“Hard-Bundle” Carriage Deals Resembling The Recent Charter-Disney Pact Appear To Be In Paramount’s U.S. Future, CEO Bob Bakish Says

Paramount CEO Bob Bakish has long touted “hard bundles,” the hybrid carriage agreements found in Europe and other international markets that weave streaming into conventional pay-TV packages.

The new Disney-Charter pact, reached in September after a 10-day blackout of ESPN, ABC stations and multiple other Disney networks, could provide a domestic template for Paramount, according to Bakish.

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Recent dealmaking raises questions about “whether the hard bundling of streaming and pay-TV will become the norm in the U.S., and what that could mean for companies like ours,” Bakish told Wall Street analysts on the company’s third quarter earnings call. “The reality is, operators have different priorities. But we’ve shown that we can adapt our partnerships to adapt common objectives.”

In its international hard-bundling, Bakish said, Paramount has experienced “dramatically lower” costs to acquire customers along with lower rates of churn. Imported to the U.S., they could be “additive,” he said, widening opportunities for advertising and enabling the “upselling” of customers from Paramount+ to Paramount+ With Showtime. Prior to becoming CEO in 2015, Bakish spent a significant chunk of his career at Viacom (which merged with CBS in 2019 to form Paramount) as an international executive based outside the U.S.

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Paramount+ increased to 63 million global subscribers by the September 30 end of the quarter as Paramount topped Street estimates.

With pay-TV subscriber levels dropping by millions each year, many operators are bristling at the notion of paying ever-increasing carriage fees and then charging customers more, thus accelerating the pace of cord-cutting. The ultimate Disney-Charter deal incorporates Disney+ into many of Charter’s most popular packages. Some recent distribution agreements reached by Paramount in the U.S. for Paramount+ With Showtime, as the top-end streaming service and premium linear network are now both called, provide log-in streaming credentials to linear subscribers, Bakish noted.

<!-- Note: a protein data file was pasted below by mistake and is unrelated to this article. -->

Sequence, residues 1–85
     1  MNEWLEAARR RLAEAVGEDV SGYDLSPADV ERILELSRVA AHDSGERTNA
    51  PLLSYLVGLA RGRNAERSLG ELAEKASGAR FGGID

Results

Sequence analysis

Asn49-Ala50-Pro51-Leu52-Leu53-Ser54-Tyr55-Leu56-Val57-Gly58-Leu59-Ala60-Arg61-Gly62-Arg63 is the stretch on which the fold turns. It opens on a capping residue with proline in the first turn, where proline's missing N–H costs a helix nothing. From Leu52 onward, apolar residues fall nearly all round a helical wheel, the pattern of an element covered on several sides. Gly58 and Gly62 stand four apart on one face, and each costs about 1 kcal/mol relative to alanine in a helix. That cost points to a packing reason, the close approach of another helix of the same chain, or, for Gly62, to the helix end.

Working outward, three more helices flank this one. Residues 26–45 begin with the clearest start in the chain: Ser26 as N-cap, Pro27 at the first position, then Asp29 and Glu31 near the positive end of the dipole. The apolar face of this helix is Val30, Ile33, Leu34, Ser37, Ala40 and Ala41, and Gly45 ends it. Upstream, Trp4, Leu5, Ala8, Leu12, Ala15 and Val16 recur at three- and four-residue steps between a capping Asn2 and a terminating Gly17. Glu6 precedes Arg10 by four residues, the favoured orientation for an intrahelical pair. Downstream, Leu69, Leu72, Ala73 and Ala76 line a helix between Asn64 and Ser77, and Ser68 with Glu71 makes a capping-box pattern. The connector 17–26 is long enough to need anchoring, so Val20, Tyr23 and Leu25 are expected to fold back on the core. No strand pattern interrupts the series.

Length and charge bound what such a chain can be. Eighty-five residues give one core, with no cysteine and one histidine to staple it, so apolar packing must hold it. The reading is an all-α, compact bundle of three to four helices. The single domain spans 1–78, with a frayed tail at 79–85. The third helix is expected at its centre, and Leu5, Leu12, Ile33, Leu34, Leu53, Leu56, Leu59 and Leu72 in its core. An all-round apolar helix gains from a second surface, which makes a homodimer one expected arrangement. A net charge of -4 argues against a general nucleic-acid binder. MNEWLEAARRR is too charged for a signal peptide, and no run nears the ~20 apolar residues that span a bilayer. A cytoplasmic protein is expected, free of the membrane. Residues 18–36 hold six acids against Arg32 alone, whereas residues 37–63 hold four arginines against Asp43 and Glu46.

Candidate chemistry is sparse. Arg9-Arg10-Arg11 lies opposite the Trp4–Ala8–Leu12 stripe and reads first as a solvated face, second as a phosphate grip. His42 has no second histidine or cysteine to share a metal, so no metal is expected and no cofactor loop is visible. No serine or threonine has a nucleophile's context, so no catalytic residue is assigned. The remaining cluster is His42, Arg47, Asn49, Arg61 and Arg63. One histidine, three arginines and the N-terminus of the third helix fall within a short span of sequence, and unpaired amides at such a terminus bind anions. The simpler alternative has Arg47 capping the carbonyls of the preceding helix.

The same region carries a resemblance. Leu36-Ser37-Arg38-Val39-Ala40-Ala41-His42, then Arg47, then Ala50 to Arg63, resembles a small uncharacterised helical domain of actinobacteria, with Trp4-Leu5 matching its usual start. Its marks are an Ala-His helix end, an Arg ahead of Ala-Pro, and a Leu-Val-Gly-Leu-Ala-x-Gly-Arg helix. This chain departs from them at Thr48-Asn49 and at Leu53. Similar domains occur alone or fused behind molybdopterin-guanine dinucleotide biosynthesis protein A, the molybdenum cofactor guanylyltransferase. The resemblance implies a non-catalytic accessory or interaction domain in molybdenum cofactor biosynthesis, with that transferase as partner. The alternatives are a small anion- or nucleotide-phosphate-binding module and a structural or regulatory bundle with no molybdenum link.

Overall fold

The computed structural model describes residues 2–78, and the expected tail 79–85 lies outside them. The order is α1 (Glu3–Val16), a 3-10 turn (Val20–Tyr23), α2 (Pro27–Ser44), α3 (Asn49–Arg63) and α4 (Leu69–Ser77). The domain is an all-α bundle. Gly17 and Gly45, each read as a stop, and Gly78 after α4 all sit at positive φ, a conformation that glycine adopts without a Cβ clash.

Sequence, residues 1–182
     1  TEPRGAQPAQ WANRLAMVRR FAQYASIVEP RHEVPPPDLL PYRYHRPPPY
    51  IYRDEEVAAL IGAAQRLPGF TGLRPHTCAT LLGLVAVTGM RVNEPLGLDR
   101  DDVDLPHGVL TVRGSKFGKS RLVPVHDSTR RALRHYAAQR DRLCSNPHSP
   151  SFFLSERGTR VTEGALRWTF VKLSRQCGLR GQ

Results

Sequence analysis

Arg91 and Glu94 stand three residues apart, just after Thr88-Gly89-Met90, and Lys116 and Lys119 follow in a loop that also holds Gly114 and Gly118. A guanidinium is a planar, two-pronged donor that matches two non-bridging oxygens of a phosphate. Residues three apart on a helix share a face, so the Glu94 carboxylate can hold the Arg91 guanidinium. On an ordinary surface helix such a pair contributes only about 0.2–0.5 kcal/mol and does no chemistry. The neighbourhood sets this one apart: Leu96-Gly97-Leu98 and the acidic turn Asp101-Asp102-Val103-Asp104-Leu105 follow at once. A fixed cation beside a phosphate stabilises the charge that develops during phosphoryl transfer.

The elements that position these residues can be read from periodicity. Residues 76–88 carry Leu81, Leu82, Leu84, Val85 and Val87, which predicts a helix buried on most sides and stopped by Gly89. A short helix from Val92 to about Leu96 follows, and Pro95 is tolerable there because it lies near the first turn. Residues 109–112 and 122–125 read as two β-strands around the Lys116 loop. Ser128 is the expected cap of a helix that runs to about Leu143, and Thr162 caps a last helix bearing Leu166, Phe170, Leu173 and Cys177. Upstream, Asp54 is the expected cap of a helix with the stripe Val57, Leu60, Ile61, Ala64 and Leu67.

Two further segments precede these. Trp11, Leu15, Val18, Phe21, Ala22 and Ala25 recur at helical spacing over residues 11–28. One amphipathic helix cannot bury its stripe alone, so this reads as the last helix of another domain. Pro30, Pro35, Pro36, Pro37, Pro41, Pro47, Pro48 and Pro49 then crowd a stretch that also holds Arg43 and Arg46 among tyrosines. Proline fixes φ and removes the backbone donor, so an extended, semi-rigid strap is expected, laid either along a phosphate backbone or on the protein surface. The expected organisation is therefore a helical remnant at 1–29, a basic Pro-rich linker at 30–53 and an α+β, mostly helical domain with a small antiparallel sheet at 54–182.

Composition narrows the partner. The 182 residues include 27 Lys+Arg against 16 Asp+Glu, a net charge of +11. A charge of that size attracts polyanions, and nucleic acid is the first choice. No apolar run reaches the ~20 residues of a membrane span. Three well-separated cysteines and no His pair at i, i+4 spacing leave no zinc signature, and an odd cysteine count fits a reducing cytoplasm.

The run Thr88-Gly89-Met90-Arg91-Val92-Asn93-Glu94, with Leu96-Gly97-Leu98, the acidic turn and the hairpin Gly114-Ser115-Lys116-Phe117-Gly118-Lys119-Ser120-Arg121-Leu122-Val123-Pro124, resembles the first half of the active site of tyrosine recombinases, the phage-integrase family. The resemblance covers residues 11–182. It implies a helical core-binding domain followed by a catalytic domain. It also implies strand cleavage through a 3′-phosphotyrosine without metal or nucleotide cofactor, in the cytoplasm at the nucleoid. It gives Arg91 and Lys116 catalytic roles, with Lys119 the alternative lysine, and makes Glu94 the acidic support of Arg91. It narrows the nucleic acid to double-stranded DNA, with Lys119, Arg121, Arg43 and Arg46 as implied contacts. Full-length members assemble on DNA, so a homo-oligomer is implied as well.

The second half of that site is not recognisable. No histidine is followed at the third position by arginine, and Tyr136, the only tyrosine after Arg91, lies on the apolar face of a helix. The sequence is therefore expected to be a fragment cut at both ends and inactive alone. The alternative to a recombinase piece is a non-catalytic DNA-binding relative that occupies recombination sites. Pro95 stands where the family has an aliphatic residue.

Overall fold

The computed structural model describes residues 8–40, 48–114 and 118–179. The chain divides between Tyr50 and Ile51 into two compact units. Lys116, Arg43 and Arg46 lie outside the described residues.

During the Q&A period on the call, however, Bakish was asked about another dimension of the Disney-Charter deal, which unsettled a lot of longtime constituents of the pay-TV bundle. While it secured valuable real estate in several of the No. 2 U.S. cable operator’s packages, Disney also lost carriage on Charter for several of its networks, including Freeform and other onetime fixtures of the traditional dial.

“There’s been a lot of conversation about this topic,” Bakish acknowledged, though “it’s not clear that all partners want to go this direction.” In cases where distribution partners are open to hard bundles, though, it will be “an accretive development” for Paramount. On the streaming side, lower unit revenue can be one downside given the wholesale nature of many setups.

There are “puts and takes,” Bakish reasoned, but “the aggregate value that we’ve seen is clearly positive.”

Expanding the scope to include linear, and given Paramount’s stable includes CBS, Nickelodeon, BET and more than a dozen other networks, Bakish said major carriage deals encompass a number of elements. In addition to a cut of subscriber revenue, there are advertising and marketing partnerships, as well as provisions for film output and other aspects.

Internationally, in Paramount’s experience, “importantly, no linear channels were dropped” in these carriage pacts, Bakish said. Overall, he said, “that’s a positive outcome.”

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